“I’m here for several reason, Mr. Pepin, first of all for aid. When something tragic happens in our skies, we do our utmost to extend sympathy. But sympathy without action,that’s an empty emotion. Mainly I’m here for the purposes of reentry.”
“I don’t understand.”
“Adjustment,” Harold said, “to earth. I’m here to make sure you didn’t leave your whole life in the sky.” -Adam Ross
When we launch a satellite into orbit around the Earth, we expend a tremendous amount of fuel and energy to make it happen. From hundreds of miles up — well above the definition of space — these satellites zip around the Earth many times per day, at more than 70% the escape velocity at their position in low-Earth orbit.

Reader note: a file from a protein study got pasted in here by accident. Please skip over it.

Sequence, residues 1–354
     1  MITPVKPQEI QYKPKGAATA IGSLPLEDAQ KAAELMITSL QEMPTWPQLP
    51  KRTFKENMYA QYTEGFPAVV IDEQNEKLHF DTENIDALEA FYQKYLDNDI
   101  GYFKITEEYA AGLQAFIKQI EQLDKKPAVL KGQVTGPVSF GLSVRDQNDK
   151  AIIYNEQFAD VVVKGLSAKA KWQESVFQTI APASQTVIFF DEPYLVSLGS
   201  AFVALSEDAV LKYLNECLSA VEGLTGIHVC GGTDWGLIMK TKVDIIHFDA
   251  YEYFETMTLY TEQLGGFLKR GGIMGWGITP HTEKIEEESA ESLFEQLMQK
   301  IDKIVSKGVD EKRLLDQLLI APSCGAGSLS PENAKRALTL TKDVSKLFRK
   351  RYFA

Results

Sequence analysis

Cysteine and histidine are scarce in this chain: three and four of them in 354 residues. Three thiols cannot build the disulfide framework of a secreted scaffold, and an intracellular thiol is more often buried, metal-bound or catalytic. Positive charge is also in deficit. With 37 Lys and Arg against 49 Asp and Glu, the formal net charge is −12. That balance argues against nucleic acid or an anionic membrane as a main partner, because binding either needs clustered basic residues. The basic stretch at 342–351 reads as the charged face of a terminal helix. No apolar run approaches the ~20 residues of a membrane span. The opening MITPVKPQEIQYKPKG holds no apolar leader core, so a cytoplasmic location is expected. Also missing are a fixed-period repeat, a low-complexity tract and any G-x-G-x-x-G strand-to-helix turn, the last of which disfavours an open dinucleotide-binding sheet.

Yet these satellites aren’t stable at all, and will tumble back to Earth in a matter of decades if left unattended. The Moon, on the other hand, has stably orbited Earth for billions of years, and will continue to do so long into the future. The science of why satellites decay is due to five different components, all of which contribute. While atmospheric drag is the strongest for low-Earth orbit satellites, everything will eventually decay.